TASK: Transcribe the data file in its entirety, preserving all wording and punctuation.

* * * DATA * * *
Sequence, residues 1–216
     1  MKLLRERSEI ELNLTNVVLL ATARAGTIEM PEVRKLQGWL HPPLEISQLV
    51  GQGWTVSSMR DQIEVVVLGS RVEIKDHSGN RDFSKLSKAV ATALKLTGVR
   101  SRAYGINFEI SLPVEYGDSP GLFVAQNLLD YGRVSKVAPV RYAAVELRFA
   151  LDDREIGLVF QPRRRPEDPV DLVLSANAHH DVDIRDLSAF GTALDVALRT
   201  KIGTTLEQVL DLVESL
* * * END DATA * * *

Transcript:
Sequence, residues 1–216
     1  MKLLRERSEI ELNLTNVVLL ATARAGTIEM PEVRKLQGWL HPPLEISQLV
    51  GQGWTVSSMR DQIEVVVLGS RVEIKDHSGN RDFSKLSKAV ATALKLTGVR
   101  SRAYGINFEI SLPVEYGDSP GLFVAQNLLD YGRVSKVAPV RYAAVELRFA
   151  LDDREIGLVF QPRRRPEDPV DLVLSANAHH DVDIRDLSAF GTALDVALRT
   201  KIGTTLEQVL DLVESL